Houston’s New $10 Million Farmers Market Could Learn Plenty from Dallas (No, Really): A Closer-to-Home Surprise Success StoryBY Chris Baldwin // 09.12.17
The former Mudhen space will re-open as a taco restaurant in the Dallas Farmers Market.
Dallas Farmers Market has produce, but that's not necessarily what draws people in.
The $10 million-plus revamp of Houston Farmers Market aims to thrust it into the same class as Seattle's famed Pike Place Market.
The current state of Houston Farmer Market is less than inspiring.
Houston Farmers Market is looking at world-class markets like London's famed Borough Market as models.
The Dallas Farmers Market can surprise you, like Rush Limbaugh suddenly realizing that hurricanes really do exist surprise you. I certainly didn’t expect to find myself going there several days in a row, trying something new every time. But that’s what happened during a recent trip that put me in downtown Dallas for a stretch.
Dallas’ farmers market excels at convenience. It is right there, easily walkable from a number of downtown hotels. You can have a nice red snapper dinner one night, nosh on pork tacos for lunch the next and get your kids grilled cheese sandwiches they remember. And ask for later.
These are lessons the developers of the ultra-ambitious, $10 million renovation transformation of the Houston Farmers Market would be wise to consider. The leaders of MLB Capital Partners, the commercial real estate investment firm that purchased Houston Farmers Market, are rightfully setting their sights on Seattle’s Pike Place Market, London’s Borough Market and Philadelphia’s Reading Terminal Market as models.
They want to Houston Farmers Market to be one of the best farmers markets in the entire world. But they’d better make sure it’s at least as good as Dallas’ farmers market first.
Yes — as painful as the prospect may be to some — Houston can sometimes learn something from Dallas. (Don’t worry, admitting that doesn’t make the Dallas Cowboys any less annoying.)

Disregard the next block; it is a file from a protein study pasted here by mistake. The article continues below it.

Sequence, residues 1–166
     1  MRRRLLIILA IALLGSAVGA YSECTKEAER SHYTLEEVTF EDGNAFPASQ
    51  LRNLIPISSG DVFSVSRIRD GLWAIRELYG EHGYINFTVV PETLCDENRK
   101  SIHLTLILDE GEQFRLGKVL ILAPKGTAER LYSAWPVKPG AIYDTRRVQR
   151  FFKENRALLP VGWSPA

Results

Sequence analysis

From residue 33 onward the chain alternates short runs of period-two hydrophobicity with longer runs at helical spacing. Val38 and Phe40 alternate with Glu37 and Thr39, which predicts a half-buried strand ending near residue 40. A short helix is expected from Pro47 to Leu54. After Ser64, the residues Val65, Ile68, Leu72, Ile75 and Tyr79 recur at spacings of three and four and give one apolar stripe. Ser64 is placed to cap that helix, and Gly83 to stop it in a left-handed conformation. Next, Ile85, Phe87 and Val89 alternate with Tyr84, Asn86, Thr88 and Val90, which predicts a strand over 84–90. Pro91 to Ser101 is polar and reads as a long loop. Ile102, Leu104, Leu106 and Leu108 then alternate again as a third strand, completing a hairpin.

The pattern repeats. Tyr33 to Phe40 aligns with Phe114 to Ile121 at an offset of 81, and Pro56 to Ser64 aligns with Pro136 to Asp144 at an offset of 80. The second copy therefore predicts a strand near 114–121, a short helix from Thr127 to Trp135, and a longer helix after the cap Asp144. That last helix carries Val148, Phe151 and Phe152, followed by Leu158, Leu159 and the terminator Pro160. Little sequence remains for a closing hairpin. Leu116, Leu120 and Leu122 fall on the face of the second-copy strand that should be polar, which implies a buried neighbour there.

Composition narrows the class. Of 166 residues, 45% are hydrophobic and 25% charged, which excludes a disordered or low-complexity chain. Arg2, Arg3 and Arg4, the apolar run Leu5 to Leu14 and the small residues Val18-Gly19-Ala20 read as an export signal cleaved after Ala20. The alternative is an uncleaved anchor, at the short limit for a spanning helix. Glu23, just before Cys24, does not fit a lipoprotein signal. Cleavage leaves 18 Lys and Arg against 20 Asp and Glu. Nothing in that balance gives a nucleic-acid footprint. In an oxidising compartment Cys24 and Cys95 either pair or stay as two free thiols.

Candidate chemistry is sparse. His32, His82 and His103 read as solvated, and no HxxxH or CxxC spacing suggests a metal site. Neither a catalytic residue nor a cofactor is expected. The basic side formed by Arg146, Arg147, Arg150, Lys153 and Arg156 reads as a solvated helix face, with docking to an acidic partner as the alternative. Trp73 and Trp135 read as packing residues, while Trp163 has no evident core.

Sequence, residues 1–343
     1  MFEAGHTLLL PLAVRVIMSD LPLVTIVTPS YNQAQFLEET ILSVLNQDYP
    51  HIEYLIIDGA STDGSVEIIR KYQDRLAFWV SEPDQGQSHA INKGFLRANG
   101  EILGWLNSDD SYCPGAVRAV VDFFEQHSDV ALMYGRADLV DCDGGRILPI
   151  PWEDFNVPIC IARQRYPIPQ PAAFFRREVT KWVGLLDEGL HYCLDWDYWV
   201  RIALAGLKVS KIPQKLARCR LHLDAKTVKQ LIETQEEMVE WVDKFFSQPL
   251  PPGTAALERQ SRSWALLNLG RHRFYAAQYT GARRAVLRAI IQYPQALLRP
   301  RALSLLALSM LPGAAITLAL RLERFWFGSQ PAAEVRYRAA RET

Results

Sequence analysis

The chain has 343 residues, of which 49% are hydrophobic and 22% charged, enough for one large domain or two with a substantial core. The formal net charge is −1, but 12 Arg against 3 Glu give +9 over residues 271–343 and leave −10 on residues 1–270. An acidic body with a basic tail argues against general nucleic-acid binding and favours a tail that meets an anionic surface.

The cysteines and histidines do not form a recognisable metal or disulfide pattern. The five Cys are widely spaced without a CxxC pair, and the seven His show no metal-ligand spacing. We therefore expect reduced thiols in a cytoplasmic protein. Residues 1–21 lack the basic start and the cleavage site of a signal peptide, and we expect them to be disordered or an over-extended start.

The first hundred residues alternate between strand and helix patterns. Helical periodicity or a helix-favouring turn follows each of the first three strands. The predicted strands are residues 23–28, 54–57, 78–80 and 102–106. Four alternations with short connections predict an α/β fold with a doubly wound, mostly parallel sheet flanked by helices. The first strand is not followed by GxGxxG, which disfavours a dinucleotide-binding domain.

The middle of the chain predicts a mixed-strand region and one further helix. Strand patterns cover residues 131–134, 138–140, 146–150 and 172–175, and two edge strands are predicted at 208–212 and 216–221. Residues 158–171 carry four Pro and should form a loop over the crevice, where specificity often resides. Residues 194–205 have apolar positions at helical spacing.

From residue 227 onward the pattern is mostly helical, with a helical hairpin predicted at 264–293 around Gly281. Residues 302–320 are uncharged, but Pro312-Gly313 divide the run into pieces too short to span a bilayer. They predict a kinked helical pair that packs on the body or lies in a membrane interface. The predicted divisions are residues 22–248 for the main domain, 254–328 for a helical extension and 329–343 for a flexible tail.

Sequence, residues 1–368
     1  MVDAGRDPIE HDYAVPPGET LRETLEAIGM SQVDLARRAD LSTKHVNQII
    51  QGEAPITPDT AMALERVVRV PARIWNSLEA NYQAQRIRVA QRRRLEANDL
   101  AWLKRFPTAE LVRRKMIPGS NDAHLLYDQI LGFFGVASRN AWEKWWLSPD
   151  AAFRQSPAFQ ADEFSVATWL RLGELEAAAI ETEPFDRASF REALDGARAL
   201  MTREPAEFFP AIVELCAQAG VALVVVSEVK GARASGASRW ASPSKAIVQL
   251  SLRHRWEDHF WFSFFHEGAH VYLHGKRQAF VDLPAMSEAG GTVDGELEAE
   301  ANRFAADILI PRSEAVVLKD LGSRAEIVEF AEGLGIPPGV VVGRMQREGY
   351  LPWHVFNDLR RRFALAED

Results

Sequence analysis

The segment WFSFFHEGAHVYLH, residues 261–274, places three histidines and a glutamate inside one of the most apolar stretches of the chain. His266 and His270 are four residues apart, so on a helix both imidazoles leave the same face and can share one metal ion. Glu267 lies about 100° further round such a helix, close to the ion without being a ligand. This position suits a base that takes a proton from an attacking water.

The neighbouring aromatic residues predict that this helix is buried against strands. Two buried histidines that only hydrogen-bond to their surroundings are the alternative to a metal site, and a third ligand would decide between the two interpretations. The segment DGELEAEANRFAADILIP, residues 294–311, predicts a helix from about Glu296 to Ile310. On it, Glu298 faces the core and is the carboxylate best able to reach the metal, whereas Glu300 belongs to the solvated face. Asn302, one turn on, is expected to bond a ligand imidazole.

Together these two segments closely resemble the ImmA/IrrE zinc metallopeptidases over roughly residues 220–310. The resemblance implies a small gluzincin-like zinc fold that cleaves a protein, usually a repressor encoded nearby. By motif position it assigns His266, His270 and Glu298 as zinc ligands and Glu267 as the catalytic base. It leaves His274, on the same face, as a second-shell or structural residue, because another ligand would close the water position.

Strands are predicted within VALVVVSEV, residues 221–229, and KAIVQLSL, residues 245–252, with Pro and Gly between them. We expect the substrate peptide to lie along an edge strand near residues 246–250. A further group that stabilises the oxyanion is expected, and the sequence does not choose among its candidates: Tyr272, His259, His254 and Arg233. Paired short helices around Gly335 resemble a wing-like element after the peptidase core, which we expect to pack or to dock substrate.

Dallas Farmers Market is worthy because of its food hall-like scene. In three days there, I don’t think I had one close up look at a tomato. Oh, you can get produce there. But the mini restaurants and food stands are what stand out. It is nice to be able to go with a group or your family and have all those options. Everyone gets to pick whatever they feel like eating individually and then your whole pack can actually eat it together at one of the open tables in the middle of the market.
This farmers market thing is not rocket science — or an overhyped iPhone 8. Dallas Farmers Market works by putting established hip brands such as Coolhaus (the cookie ice cream people) in the same space as more local shops such as Lone Chimney Mercantile (cool Texas photos and trinkets), Mudhaven Meat and Greens (a farm to table spot) and Taqueria La Ventana (a local taco chain).
The fact Dallas Farmers Market is open every day helps. If you have kids, the bouncy bug, outdoor chalk boards and little climbing apparatus doesn’t hurt either.
Houston Farmers Market already plans to one up that by being open 365 days a year and having some type of significant playground — and plenty of green space. With 17 and a half acres to work with, Houston Farmers Market has a much larger canvas to utilize. But while Dallas Farmers Market is right downtown, and easily walkable from a number of hotels, Houston Farmers Market will still be out at the 2500 block of Airline Road site in North Houston.
If you build it, the yuppies will come?
We kid, because we understand how much Houston could use this type of draw. The team behind this $10 million farmers market revamp yearn to make something world class. Just don’t forget Dallas’ more modest, surprisingly good example as a baseline.